This interview was posted priviously at the Kasama Project blog. There is quite a lot in Alain Badiou’s “post-Maoist” philosophy in general as well as in this interview in particular with which I disagree, but nonetheless this article is interesting so far as the French Maoist movement shared some similarities (and many differences) with the U.S. New Communist Movement:
An Interview with Alain Badiou, conducted by Eric Hazan
Eric Hazan: One of the most striking aspects of Sarkozy’s rise to power was the support he attracted from Left renegades—from turncoats such as André Glucksmann. As someone who still wears his coat very much the same way round, how would you explain this strange phenomenon?
Alain Badiou: I think you have to put this in perspective, or rather look at it more closely. First of all, it would be better to ask: why so many Maoists from the Gauche Prolétarienne? [GP was one of the main Maoist groups, whose name meant Proletarian Left in French] Because it is among them that you find those who ‘went wrong’ in this way. Secondly, as far as I am aware, only a few rank-and-file activists in the GP made this about-turn. So, to give your question a slightly more technical character, I would say: why did so many people in the GP leadership take such a bad turn?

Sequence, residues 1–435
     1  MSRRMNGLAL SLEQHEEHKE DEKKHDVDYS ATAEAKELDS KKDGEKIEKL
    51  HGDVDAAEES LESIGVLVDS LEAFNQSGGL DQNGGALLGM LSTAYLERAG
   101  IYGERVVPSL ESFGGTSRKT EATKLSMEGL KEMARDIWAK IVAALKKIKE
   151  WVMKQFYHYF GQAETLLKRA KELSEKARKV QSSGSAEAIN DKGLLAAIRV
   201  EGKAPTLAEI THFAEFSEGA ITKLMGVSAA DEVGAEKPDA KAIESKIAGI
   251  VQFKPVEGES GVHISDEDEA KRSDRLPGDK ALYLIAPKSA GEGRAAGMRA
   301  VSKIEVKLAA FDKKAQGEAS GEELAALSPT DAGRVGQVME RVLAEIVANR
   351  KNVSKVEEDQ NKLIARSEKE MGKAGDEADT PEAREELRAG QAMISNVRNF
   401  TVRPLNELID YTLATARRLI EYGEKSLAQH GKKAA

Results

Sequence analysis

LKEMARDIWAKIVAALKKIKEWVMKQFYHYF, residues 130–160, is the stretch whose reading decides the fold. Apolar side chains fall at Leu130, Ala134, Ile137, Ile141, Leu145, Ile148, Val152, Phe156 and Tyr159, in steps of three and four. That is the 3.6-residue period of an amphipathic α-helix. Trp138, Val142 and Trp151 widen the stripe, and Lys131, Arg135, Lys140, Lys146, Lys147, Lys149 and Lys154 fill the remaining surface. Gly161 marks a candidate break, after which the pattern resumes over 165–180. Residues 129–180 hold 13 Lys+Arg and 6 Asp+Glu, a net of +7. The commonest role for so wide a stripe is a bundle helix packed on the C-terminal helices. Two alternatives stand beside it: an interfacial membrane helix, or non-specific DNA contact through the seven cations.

There were other Maoist organizations—for example the UCFML, which I was involved in establishing, along with Sylvain Lazarus, Natacha Michel and others, in 1970.  In fact, Lazarus and Michel came from the GP, in the wake of a split of sorts, whereas my own background was completely different: I came from the PSU, the social democrats. I’m not aware of a single leader or activist in our organization who took a wrong turn, in the sense we are speaking of here. People from other organizations, such as the GOP and VLR, often went back to the PCF, and there was a sprinkling of other groups, in particular the PCMLF, whose idea was more to rebuild the good old Communist Party, which was already in pretty poor shape.  On the whole, these people are still somewhere or other ‘on the left’ today.